Secure macOS Remote Screen Sharing for Admins with Road Warriors
You may come across the situation where you have to service a couple of MacBooks for remote workers or frequent travellers. There are commercial offers for remote screen sharing available but I wanted to achieve a good result with freely available tools.
- A Unix-based server connected to the internet running OpenSSH
- A static IP address or dynamic DNS setup
useradd sshtunnel -m -d /home/sshtunnel -s /bin/true mkdir /home/sshtunnel/.ssh
# /etc/ssh/sshd_config Match User sshtunnel AllowTcpForwarding yes X11Forwarding no AllowAgentForwarding no ForceCommand /bin/true
# /home/sshtunnel/.ssh/authorized_keys ssh-ed25519 AAAA...
chmod 500 /home/sshtunnel/ chmod 500 /home/sshtunnel/.ssh chmod 400 /home/sshtunnel/.ssh/authorized_keys service sshd restart
Create a script named
#!/bin/bash SERVER="server.example.com" PORT="60000" echo "===================================" echo "=== START remote access mode... ===" echo "===================================" echo "Set up ARD permissions and start up..." sudo bash -c "/System/Library/CoreServices/RemoteManagement/ARDAgent.app/Contents/Resources/kickstart -activate -configure -access -on -restart -agent -privs -all -allowAccessFor -allUsers | tee -a /var/log/sshtunnel.log" echo "Create SSH tunnel to server... Ctrl-C closes the connection." ssh -nNT -p 22 -C sshtunnel@$SERVER -R $PORT:localhost:5900 echo "Connection closed." sleep 2 echo "Stop ARD and clean up permissions..." sudo bash -c "/System/Library/CoreServices/RemoteManagement/ARDAgent.app/Contents/Resources/kickstart -deactivate -stop -configure -access -off | tee -a /var/log/sshtunnel.log" echo "Everything's shut down again." sleep 5
chmod 500 RemoteAccess.command
For additional clients just add more SSH keys and increment the port number by one.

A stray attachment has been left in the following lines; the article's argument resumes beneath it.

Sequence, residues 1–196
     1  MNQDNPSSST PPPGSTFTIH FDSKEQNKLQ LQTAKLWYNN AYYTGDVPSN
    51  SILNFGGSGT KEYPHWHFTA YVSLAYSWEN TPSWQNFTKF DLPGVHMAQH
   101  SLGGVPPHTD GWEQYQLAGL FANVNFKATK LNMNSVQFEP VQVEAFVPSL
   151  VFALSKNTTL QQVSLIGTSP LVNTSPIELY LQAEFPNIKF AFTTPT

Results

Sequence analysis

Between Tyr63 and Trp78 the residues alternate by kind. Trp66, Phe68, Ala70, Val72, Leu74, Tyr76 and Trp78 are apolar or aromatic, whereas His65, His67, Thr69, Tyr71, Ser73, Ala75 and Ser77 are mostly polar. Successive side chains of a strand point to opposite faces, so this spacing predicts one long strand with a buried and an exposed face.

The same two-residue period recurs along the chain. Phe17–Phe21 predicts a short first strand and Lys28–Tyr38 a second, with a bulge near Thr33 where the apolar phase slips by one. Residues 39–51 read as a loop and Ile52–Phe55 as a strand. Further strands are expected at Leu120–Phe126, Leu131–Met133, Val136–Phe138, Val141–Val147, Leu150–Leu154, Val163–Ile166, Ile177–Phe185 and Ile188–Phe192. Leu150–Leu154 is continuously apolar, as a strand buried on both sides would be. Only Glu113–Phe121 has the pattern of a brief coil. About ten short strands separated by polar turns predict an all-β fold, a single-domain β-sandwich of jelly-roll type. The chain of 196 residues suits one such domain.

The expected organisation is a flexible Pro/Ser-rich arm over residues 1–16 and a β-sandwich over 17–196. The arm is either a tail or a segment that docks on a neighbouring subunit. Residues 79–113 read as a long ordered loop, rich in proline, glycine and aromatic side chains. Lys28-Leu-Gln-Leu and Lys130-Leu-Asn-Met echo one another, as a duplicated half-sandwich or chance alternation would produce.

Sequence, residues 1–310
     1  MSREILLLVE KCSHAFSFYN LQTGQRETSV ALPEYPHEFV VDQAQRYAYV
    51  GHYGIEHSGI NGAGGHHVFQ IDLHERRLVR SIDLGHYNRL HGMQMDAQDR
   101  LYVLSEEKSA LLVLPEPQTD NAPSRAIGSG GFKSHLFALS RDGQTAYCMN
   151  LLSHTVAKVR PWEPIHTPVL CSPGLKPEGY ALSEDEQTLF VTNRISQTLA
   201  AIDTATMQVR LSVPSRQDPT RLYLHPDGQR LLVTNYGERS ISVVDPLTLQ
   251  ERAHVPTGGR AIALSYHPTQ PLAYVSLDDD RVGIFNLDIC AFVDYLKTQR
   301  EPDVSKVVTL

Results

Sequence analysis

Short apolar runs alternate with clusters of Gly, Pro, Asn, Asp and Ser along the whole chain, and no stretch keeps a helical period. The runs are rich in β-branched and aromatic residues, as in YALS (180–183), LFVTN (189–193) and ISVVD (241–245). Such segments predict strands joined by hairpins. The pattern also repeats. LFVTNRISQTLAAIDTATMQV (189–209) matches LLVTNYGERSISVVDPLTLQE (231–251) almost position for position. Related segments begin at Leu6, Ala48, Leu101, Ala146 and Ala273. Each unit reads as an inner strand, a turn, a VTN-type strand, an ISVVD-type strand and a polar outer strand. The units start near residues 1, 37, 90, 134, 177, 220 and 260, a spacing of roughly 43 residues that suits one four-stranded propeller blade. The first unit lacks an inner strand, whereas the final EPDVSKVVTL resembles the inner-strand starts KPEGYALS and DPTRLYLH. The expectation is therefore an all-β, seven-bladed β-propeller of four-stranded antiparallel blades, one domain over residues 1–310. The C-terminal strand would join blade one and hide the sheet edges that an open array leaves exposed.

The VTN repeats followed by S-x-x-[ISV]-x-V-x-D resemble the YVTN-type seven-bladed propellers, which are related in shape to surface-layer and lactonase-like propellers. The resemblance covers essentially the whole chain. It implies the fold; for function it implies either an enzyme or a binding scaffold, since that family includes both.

RemoteAccess.command on the client machine and wait for it to
On your administration machine, use software like SSH Tunnel Manager or manually create a SSH tunnel to the server:
ssh -nNT -p 22 -C firstname.lastname@example.org -L 60000:localhost:60000
On your administration machine, open Screen Sharing.
open /System/Library/CoreServices/Applications/"Screen Sharing.app"
In Finder, connect to server
Ctrl-C on the client machine as well as the administration machine and let the terminal window of the client close by itself.
If your users won’t mind running a “text window” (Terminal.app) instead of a
full native UI application when the need arises, this can make things easy and
secure for all parties. Of course, because it opens up screen sharing ports for
all local users, make sure the user passwords are strong. If you know the POSIX
user names of all machines, you can restrict this further. Run
for all options available. Passwords are usually the biggest concern since
users are all too often cavalier about security. I’ve actually had customers
with passwords like “whatever”, “1234” and yes: “password”.
To upgrade security even more in one go, nothing beats a properly configured VPN which tunnels all connections including DNS queries through itself.